I’m Injured...Now What?
by Courtney Littlejohn, Esq.
*Disclaimer: Before implementing these or any physical fitness recommendations, it is important to consult with a physician to determine the best course of action for your own health and recovery.*
So you’re injured...now what? The first thing you have to ask yourself is what you want to set as a new goal. Of course, you want to heal and get healthy again so that you can get back to the miles. Beyond that, though, how do you want to use this time on the sidelines? Note that I didn’t say “on the bench” because you aren’t going to just passively sit and wait for the injury to heal. It’s all about keeping active while injured.
Last year, after experiencing a year plagued with running injuries, I topped things off with a tear in my ankle (posterior tibial tendonitis) that ended up sidelining me for more than three months. Of course, my podiatrist suggested that I rest to help the tear heal, but he also suggested that I do more than just run. I wasn’t sure what to do about that advice because running had become such a big part of my life. This made me realize that I had to do more than just “get better” if I was going to continue my love affair with running. So, I decided that I needed to find a way to be smarter about running and to focus my energies on trying to prevent injuries in the first place by taking the time to learn about my passion.
In the article “Benefits of Cross Training for Runners,” Very Well Fit explains that running injuries are often caused by overuse of the “big” muscles and underdevelopment of the “little” muscles that support them. I knew that I needed to round out my running routine with some cross training. Since I was already injured, I looked into types of training that would A) not disrupt my recovery and B) target those other, “little” muscles that I had been neglecting.
Finding the best sort of recovery training will vary for each person. For me, it was calisthenics or bodyweight training. It was great for focusing on the “little” muscles, building a strong core and butt (an often overlooked muscle for running) and for helping me learn how to carry my weight more efficiently while running. Consider the following suggestions when looking for the best way to redirect your focus and goals during injury recovery.
Pay Attention to Your Body
How long has it been since the pain started? Have traditional recovery methods made little or no improvement? Know when to see a doctor. He or she can distinguish between soreness that can be powered through or a definite injury. Once you’ve seen a doctor, LISTEN to the prescribed recommendations. If the doctor says to stay off of that injured ankle/knee/hamstring, don’t be hard-headed!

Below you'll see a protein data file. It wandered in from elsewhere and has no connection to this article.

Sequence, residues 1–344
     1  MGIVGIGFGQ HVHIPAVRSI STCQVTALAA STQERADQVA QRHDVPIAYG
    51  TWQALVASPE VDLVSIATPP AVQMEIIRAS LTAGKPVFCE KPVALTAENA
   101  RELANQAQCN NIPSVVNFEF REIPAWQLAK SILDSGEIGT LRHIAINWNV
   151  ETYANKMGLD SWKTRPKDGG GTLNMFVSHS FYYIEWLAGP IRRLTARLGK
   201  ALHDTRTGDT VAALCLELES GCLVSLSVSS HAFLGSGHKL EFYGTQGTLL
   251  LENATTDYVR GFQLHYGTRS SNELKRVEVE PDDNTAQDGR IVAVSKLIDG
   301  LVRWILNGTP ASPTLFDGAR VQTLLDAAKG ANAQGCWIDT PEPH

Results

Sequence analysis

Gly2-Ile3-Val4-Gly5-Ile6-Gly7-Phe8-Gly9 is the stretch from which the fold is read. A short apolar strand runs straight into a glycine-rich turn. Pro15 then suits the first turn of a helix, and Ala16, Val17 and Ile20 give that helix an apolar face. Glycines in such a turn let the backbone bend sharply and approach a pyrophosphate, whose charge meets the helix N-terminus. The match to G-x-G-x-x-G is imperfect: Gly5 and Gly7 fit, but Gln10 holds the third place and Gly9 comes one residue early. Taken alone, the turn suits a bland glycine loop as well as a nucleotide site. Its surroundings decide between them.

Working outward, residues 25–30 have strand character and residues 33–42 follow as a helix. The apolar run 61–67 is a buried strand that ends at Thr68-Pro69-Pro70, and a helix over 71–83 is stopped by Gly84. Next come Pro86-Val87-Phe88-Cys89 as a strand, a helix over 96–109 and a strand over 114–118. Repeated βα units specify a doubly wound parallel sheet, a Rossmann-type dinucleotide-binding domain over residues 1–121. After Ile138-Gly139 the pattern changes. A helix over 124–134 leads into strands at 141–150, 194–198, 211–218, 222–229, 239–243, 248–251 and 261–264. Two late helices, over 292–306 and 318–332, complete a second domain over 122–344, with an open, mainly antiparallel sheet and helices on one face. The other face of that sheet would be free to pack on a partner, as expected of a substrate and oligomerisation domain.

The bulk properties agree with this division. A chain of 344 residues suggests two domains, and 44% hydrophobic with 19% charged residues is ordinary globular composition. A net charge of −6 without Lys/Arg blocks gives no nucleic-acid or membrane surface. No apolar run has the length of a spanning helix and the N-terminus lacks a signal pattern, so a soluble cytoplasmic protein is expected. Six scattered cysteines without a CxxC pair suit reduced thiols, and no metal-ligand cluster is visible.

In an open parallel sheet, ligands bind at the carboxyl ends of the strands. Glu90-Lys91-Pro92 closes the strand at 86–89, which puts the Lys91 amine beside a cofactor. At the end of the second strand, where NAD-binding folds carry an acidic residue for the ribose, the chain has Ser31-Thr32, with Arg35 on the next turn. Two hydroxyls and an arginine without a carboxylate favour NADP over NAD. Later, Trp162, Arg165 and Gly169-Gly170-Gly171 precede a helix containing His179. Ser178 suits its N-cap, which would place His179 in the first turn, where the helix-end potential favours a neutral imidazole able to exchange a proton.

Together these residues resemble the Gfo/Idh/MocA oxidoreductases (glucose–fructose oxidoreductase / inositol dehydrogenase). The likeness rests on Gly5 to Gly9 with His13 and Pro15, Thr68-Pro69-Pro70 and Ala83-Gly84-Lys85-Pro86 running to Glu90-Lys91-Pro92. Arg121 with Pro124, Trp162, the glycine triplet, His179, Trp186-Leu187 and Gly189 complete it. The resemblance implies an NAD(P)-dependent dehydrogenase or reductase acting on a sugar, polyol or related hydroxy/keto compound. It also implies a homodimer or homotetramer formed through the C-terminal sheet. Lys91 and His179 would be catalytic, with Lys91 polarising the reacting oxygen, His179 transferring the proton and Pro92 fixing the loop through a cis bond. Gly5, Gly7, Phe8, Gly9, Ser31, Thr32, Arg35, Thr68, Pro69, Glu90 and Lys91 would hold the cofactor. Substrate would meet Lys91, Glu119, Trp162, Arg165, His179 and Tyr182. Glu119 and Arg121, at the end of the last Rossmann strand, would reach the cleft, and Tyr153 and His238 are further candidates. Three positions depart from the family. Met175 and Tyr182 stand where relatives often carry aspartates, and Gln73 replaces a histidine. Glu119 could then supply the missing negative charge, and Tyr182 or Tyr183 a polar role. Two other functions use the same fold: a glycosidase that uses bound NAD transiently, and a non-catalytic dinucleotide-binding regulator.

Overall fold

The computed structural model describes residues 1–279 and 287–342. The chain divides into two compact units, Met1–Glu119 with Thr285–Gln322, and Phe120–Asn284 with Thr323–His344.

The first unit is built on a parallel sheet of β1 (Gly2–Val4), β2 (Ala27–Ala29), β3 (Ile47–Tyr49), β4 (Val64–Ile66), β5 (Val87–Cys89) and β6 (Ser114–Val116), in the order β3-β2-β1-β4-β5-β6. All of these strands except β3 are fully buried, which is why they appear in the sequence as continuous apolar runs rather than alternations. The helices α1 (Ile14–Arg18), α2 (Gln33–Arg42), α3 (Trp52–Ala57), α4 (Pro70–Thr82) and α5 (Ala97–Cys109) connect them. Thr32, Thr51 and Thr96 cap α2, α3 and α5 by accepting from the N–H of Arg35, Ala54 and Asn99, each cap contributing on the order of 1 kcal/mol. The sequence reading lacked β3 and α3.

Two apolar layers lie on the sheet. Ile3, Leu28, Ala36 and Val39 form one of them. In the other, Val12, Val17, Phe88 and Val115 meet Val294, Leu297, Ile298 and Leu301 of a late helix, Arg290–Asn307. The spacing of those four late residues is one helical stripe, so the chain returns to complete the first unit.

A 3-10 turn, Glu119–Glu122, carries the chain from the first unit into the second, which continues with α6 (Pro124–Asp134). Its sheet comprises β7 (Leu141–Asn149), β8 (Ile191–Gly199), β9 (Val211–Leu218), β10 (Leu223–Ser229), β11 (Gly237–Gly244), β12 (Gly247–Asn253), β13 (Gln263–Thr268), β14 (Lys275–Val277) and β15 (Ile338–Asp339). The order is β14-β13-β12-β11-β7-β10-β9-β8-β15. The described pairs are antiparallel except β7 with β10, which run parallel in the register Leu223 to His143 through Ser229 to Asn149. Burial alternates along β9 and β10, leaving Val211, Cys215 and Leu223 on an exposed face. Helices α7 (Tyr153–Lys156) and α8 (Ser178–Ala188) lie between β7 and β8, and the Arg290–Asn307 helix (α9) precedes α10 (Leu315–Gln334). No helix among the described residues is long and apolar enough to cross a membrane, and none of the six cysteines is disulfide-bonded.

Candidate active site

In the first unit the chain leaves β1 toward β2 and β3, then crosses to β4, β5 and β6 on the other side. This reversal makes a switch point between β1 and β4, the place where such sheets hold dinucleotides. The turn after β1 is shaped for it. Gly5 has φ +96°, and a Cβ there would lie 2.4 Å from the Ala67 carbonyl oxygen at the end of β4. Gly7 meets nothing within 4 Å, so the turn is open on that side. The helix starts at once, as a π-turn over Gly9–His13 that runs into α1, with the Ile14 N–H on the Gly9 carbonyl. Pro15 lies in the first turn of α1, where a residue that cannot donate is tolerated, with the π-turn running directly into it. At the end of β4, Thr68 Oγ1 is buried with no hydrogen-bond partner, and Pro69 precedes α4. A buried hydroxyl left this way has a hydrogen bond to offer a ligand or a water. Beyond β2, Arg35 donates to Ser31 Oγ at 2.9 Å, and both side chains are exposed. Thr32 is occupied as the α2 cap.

Stay Active in Other ways
Take the time to find other activities that you enjoy to focus the energy you can no longer use due to the injury. A few good options include:
Weight Lifting - Focus on more than just picking the weights up and putting them down. Think about the muscles that are being worked with each movement.
Calisthenics - Bodyweight exercises that focus on strengthening the areas where you are weak. Also use these to focus on your core, because a lot of hidden strength is centered there.
Low Impact Cardio - Cycling (not including rigorous spin classes) and row machines are great lower impact cardio options to keep up your stamina and give the injured joint, etc. a bit of a break.
Yoga, Pilates - These exercises are great for helping you to focus on your breathing and build your core.
Walking - This one seems like a no-brainer, but you’ll have to resist the urge to turn that walk into a run before you’re ready to fully get back out there.
Deep-water running - In 1999, Runner’s World published a 9-week training plan for those who wish to stay fit and preserve sanity while out on the injured reserve list. Though the plan is more than eight years old, it’s still full of relevant advice that can be applied today for those who want to focus on not losing running progress while recovering. The deep-water running-heavy plan is not for the faint of heart and includes sessions five days per week for eight weeks straight. (Just be sure to get approval from your doctor first!)
Swimming - If deep-water running seems a bit much, there’s always good old-fashioned swimming to keep fit without overexerting your injury.
Give Yourself TIME
Recovering from an injury can mean anywhere from a couple weeks to several months. Listen to your doctor’s recommendations, and when it’s time to get back out there, ease into it! Remember that rushing will only lead to re-injury or some even worse setback.
Preventing Injury in the First Place
Assess your gear. Do you have proper running attire, well-fitting shoes, braces, if needed? Supplement your recovery with stretching and foam rolling routines. Most importantly, take care to stick to your rest days. Without them, you will not fully recover.
Visualize Your Comeback
“Your body won’t go where our mind hasn’t been.” Take the time to become mentally strong, because it is easy to lose confidence when trying to come back from an injury. Prepare yourself mentally for how challenging the process of injury recovery is going to be by journaling, meditating, reading motivational books/quotes, creating a vision board to map out your plan...you get the idea.
Before you know it, you’ll be speeding—er, power walking—down the path to recovery.